Who are entrepreneurs?

I think it would appropriate to start with a great article last week from TechCrunch by Vivek Wadwha that asks the question “Can Entrepreneurs Be Made?”

According to the “traditional wisdom,” the answer is no:

Silicon Valley investors often have a picture in their heads of the type of person who is worthy of funding: young, brash, stubborn, and arrogant. They believe that successful entrepreneurs come from entrepreneurial families and that they start their entrepreneurial journey by selling lemonade while in grade school. Angel investor and entrepreneur, Jason Calacanis said as much in his recent talk to Penn State students. And after meeting Wharton students, VC Fred Wilson expressed shock when a professor told him that you could teach people to be entrepreneurs. Wilson wrote, “I’ve been working with entrepreneurs for almost 25 years now and it is ingrained in my mind that someone is either born an entrepreneur or is not.”

I agree that the answer is no – but I have a different theory about why.  You see, the problem is that the “traditional wisdom” comes from Venture Capital folks.  I’ve got some news for these people: the VC model is broken, out, and gone.  New entrepreneurs (entreps, for short) are looking for ways to get their messages, products, and services out without having to sell-out.

Motivation is a great starting point when it comes to learning about entreps.  What do you find?

We found that the majority didn’t have entrepreneurial parents. They didn’t even have entrepreneurial aspirations while going to school. They simply got tired of working for others, had a great idea they wanted to commercialize, or woke up one day with an urgent desire to build wealth before they retired. So they took the big leap.

The game has changed, due in large part because of the Internet – and I’m not talking about a new wave of “dot coms.”  What I’m talking about is a medium that allows your idea to spread, go viral, scale, and generally take you beyond your wildest dreams – provided your idea is solid.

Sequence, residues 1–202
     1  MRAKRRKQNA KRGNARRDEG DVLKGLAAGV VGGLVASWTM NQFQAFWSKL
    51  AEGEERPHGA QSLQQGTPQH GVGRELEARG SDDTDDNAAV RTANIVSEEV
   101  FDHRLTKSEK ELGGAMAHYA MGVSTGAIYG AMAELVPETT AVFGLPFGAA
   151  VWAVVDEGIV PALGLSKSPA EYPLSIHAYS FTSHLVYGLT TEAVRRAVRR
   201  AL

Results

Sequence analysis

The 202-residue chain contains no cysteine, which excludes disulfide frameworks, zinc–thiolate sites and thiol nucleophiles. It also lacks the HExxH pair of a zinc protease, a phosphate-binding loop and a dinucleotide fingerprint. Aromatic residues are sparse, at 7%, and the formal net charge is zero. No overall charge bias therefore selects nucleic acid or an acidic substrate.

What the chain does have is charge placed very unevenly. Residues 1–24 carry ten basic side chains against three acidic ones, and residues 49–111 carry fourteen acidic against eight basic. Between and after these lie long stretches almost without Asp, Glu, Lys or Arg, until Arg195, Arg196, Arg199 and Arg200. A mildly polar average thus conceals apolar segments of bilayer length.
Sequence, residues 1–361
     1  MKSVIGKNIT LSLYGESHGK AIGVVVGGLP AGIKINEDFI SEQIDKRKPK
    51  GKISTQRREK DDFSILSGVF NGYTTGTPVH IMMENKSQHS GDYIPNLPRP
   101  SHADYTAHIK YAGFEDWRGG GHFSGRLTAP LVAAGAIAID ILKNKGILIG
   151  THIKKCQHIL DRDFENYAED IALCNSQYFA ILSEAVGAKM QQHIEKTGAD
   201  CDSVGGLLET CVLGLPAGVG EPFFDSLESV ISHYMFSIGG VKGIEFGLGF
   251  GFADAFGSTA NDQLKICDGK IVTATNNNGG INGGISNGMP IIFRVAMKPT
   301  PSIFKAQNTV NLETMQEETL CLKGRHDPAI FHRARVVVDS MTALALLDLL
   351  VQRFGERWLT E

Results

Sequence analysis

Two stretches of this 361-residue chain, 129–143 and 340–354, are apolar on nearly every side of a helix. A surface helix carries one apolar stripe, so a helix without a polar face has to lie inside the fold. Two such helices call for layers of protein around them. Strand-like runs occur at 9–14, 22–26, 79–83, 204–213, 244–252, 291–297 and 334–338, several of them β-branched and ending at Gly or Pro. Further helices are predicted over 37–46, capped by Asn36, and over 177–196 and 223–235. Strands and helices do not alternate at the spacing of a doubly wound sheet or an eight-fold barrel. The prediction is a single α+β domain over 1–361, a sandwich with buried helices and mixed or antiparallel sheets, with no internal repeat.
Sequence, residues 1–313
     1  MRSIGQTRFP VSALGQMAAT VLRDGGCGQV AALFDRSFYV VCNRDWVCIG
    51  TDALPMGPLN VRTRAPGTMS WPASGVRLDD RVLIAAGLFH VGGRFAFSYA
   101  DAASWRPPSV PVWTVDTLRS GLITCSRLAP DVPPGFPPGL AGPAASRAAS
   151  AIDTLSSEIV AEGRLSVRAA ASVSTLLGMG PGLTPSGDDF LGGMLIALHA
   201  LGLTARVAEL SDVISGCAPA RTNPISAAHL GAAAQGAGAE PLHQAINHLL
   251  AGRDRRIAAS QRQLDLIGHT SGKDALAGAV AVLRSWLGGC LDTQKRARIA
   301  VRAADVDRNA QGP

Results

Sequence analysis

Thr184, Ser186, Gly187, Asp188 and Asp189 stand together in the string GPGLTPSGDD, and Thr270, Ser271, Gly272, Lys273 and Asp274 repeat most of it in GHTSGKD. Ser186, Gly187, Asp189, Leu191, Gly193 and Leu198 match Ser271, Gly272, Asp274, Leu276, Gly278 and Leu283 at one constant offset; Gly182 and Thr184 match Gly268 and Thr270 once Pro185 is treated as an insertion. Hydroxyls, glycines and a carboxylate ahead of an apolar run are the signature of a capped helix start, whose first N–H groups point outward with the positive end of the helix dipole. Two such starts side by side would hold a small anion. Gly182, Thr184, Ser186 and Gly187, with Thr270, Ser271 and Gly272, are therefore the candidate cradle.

That’s what the Kauffman foundation thinks, too.  They are

investing heavily in an ambitious new program called Kauffman Labs. This aims to dramatically increase the ability of small businesses to become big businesses. The Labs program is built around a novel idea: that highly motivated individuals with “scalable ideas” can be recruited to be entrepreneurs and to be made successful, by surrounding them with a network of other experienced entrepreneurs; sources of money; and mentors.

Today’s entreps are about the idea, about making an impact, and about peer success – not about VC dollars, dotcom dreams, or the things that people typically think about when they think about Internet entrepreneurs.  So what makes the difference?  Wadwha posits that

It is probably education, exposure to entrepreneurship, and networks that led these people to pursue the entrepreneurial path.

I think Wadwha is right.  Many people do not think about entrepreneurship as a viable path until much later in their lives, about the time they start feeling constrained by their job, realize they are smarter than their boss, and decide to put that great idea they had three years ago into action.

As we continue the series on Starting Up we’ll look at what it takes to go from idea to startup, some hurdles, and some enablers.

Stay tuned – this is exciting stuff!